> since there are basically infinite resources 1ms away as the packet

Again, an ancient (well, as much as anything in computing ever is:-)
paradigm.  The interesting thing is that people have been engineering,
designing, selling lightweight/thin computing models in the personal
computer game since maybe 1983 or 1984.  I bought one of the very first
ones -- it was a straight up PC motherboard-in-a-box with a custom (and
enormously expensive) coax-based network interface that ran back to the
PC.  It leeched all of the devices and some of the software off of the
PC.  Then there were the Sun offerings -- SLC and ELC diskless machines
(or really, any Sun system you liked run diskless) on real networks,
where they still booted their OS over the network as well as the
software they ran, but were consistent with the "network is the
computer" slogan.  There was yet another burst of enthusiasm around the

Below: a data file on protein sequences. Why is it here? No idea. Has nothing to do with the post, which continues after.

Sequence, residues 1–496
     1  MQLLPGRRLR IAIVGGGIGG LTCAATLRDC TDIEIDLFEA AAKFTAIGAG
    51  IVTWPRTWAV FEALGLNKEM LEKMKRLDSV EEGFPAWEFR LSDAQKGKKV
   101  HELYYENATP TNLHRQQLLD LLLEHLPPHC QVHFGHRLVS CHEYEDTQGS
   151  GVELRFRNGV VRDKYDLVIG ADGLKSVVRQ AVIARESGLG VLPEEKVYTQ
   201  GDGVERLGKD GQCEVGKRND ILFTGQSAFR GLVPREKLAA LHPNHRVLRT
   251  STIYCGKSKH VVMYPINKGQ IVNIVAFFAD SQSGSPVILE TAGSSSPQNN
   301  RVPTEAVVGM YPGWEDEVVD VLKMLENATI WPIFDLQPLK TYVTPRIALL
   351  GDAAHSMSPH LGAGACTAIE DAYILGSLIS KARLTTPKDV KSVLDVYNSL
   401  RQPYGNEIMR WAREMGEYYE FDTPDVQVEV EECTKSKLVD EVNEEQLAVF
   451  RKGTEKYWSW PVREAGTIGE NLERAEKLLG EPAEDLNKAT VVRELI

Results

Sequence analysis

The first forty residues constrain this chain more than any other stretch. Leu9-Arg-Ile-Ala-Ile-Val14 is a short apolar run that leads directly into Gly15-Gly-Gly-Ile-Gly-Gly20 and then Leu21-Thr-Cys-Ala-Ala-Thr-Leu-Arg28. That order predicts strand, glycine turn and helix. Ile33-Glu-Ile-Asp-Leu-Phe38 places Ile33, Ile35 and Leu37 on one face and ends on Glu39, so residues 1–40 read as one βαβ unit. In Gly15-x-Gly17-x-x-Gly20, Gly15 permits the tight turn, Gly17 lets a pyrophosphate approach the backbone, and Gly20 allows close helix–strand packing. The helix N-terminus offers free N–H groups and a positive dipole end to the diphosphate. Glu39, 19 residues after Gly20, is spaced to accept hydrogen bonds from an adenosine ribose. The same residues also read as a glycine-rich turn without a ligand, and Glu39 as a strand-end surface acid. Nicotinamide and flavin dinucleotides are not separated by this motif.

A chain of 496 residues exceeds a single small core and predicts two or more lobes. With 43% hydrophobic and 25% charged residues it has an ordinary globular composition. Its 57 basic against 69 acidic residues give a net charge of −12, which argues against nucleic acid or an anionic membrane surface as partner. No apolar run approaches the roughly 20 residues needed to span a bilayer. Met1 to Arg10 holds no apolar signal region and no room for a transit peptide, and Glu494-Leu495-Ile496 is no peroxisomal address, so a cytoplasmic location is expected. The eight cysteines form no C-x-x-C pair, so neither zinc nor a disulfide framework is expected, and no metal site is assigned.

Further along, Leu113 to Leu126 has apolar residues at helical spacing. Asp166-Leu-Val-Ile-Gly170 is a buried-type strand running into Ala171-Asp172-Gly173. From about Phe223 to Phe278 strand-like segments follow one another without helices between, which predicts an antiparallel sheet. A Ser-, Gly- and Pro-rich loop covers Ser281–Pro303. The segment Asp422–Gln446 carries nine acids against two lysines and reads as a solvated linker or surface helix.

time of the release of java -- java was supposed to enable a new kind of
thin appliance (and in fact did IIRC -- a few were sold but were a
commercial failure).

However, none of these models succeeded in the long run.  The only
thin/remote computing model that has persisted is the xterm/rsh/ssh
model on top of Unix (with its many enhancements and variations,
including for the most part beowulfery, which with a few exceptions
relies on e.g. ssh for remote job distribution and control).

I think that this has finally changed.  Google in particular is intent
on fundamentally changing it and >>really<< making the network (or
rather, remote computing cloud) into the computer.  Finally, I think the
conditions are right for them to succeed where everybody else has